As I spent a large part of my career making business proposals in boardrooms, and presenting at Seminars to rooms full of people, trying to keep them engaged and interested, I often thought along the way, that I could do a radio programme. By ‘do’, I mean to present a music programme, as opposed to be a forensic cross-examiner of studio guests in the style of John Humphrys. I had been in BBC studios previously on Children-in-Need duties, and always enjoyed the experience – far more so than I imagined that I would enjoy TV work. But, as more than one person said along the way, ‘You have a face for radio’.
Younger daughter Alice had a contact at a radio station in Sunderland, and whilst this didn’t directly lead to anything, it did lead me into the clutches of NE1fm, the Newcastle-based community radio station, for whom I did a couple of early evening pop/rock tester programmes, which seemed to go very well. I played music I wanted to play, with a bit of chat around each song, about each song.
Having passed the initial test, I was asked if I would like to do a regular spot in the schedule. This wasn’t so easy, as I was working full-time, which limited the time possibilities. So, I said ‘yes’, but it would have to be 7-9pm on a Sunday evening, and I would be happy to do a classical music show, as NE1fm didn’t do one, nor did many other stations outside the two ‘nationals’ – BBC Radio 3, and Classic FM. Nothing ventured, nothing gained.
12 February 2012 was show #1 FOR CLASSICAL NE1fm. Each of the ensuing 150 shows was 2 hours in length, with music from across the ages from the 15th century to the present day. My personal watchwords were that each selected piece would have to ‘carry a tune’ and cover solo vocal and instrumental, choral and orchestral in almost equal divisions.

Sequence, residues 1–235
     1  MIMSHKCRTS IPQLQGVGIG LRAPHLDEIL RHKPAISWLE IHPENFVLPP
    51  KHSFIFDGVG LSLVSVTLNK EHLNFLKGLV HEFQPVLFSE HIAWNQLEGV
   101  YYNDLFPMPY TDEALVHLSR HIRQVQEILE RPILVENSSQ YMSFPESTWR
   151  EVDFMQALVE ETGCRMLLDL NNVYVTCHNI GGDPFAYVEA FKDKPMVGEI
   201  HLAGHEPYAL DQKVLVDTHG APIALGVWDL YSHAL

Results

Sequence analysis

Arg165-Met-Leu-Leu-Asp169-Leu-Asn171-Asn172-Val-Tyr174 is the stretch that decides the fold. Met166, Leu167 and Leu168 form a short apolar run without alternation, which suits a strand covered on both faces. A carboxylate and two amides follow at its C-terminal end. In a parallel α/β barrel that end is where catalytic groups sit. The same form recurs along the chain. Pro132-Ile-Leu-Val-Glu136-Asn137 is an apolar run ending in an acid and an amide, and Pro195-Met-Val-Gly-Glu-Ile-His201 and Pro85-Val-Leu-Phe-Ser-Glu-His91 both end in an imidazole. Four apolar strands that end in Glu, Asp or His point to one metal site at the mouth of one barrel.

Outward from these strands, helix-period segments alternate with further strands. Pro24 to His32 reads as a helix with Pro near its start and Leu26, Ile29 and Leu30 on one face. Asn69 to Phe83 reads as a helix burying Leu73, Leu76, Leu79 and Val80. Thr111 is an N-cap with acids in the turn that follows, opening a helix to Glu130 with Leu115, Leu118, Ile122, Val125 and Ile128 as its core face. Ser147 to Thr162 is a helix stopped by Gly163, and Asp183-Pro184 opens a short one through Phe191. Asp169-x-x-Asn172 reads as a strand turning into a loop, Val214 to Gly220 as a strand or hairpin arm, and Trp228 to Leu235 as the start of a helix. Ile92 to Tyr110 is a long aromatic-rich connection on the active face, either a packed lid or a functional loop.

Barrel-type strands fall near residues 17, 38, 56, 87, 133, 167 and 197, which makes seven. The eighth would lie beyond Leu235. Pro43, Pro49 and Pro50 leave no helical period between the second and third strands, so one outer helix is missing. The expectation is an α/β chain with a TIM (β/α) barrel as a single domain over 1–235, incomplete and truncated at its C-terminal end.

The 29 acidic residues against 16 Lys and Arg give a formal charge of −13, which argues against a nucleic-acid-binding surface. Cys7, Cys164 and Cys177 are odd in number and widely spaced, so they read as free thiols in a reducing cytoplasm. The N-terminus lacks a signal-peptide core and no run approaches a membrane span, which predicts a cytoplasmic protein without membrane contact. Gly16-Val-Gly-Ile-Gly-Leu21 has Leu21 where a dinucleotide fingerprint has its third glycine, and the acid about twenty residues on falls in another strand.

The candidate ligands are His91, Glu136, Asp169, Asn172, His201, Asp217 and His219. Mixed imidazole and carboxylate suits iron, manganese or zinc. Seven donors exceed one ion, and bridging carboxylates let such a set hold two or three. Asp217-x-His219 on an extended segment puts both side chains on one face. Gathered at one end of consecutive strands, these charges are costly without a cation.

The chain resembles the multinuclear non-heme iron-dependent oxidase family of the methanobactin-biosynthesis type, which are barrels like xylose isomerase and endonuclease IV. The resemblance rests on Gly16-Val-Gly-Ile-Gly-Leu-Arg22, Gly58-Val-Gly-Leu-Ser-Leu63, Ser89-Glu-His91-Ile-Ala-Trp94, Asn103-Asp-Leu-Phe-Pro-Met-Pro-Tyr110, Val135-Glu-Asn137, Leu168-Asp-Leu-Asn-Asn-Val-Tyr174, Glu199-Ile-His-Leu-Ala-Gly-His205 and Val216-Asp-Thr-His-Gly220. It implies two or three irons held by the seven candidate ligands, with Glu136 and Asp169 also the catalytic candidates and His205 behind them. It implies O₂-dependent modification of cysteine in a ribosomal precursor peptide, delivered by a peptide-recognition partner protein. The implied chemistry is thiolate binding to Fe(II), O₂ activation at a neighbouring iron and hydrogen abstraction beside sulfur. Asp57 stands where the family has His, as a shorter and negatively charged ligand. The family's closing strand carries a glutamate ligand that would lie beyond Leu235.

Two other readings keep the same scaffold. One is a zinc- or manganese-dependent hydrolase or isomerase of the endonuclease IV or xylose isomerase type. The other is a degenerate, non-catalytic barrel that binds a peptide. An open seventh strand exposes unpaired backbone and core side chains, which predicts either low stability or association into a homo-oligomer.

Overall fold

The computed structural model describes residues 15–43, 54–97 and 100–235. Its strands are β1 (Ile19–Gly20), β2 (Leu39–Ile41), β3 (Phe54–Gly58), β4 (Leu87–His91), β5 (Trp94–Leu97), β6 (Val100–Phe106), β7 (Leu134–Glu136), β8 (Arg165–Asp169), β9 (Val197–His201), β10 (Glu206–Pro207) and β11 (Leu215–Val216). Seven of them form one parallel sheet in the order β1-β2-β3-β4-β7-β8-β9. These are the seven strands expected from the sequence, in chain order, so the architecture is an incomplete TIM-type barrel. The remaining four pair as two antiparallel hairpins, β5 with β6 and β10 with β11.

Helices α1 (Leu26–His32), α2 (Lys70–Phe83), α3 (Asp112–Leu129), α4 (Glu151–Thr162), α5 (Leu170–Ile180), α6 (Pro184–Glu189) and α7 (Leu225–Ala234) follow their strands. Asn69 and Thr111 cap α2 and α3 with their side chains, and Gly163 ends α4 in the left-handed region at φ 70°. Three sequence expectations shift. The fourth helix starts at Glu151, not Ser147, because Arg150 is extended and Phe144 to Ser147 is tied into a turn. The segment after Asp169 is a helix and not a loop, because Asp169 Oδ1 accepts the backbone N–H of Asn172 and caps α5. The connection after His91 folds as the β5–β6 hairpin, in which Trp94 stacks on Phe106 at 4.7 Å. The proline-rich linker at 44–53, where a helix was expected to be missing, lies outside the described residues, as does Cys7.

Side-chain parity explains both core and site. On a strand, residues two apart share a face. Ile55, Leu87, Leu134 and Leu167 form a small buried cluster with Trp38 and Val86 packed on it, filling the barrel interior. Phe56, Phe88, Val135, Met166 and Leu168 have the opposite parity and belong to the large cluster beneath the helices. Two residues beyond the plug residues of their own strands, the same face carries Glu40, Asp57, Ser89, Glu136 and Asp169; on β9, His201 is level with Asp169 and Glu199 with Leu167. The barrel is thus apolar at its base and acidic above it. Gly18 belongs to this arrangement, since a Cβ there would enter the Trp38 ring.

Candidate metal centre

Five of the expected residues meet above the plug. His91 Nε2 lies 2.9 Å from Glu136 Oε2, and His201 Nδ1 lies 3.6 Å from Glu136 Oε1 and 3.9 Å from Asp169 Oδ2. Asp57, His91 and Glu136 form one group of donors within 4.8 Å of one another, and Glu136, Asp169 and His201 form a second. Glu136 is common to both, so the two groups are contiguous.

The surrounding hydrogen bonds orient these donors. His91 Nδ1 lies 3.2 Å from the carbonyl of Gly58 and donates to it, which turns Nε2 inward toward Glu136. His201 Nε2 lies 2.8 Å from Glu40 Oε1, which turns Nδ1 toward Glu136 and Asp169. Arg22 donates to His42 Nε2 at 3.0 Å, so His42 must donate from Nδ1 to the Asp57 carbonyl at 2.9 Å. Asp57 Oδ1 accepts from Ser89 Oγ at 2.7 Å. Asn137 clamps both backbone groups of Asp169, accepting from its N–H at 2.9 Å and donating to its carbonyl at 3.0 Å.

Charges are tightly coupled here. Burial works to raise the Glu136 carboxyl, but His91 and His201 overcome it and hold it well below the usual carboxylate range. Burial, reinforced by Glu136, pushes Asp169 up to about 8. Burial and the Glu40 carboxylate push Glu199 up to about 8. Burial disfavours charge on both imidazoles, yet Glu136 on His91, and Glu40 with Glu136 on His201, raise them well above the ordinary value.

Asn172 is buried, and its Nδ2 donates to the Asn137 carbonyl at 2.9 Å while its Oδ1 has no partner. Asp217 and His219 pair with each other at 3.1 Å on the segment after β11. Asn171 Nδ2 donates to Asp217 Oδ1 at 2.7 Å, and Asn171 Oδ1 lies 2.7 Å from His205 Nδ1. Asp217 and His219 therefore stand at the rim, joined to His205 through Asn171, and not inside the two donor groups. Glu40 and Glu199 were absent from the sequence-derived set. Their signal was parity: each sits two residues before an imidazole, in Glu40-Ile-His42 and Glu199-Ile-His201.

I had a decent selection of classical music in my own collection to get the first programmes off the ground, but made contact with the major record labels, who were only too keen to ship their latest releases to me. I was soon submerged in CD cases, and lots of wonderful music from a whole raft of composers who were new to me, into the bargain.
I learned a few convenient tricks along the way to keep the show fresh. I had guests on occasion whom I would ask to bring a sample of works which were important to them. This hit their sweet spots – talking lucidly on subjects close to their hearts. Classical music performers, as I soon found, were never short of a few words – radio presenter’s Heaven! I even had a subset of the Chamber Choir from Sage Gateshead in the studio, to sing ‘live’. It was a crush but great fun.
I usually had a longer piece at the start of the second hour, which gave me the chance to grab a cup of something, and stretch my legs. I should add at this point, that I ran the whole programme. No producer, no assistants – just me in the studio, and I chose the music and I wrote the scripts. Blooming’ perfect, as I had total control!!! And I even worked out how to finish the last piece of music one second before the pips went for the news bulletins, on the hour, every hour.
There were a few technical ‘events’ – i.e. the station going off the air on occasion, my CDs not playing – but nothing which ever forced me to reconsider the role. I did pre-record shows from time to time, as I couldn’t be there every Sunday. My Apple Mac comes with a copy of Garageband, which is perfect for a pre-record. I could then send the file to the station, and they would play it out at 7pm, and no-one was any the wiser about my whereabouts.
It was always a treat to receive messages from around the world (NE1fm is an Internet station) – I had a regular listeners in N America and South Korea – and a friend mentioned that he listened for the whole two hours sitting on top of a cliff in Norway, watching the sun set to my dulcet tones.
I felt that I had achieved all that I wanted to with Classical NE1fm after 150 shows, so bid my farewell in March 2015.
A rare treat and a rare privilege to have been able to do this – and I gave away hundreds of the CDs sent to me, through charity shops, so that in turn others and the chance to listen to the music.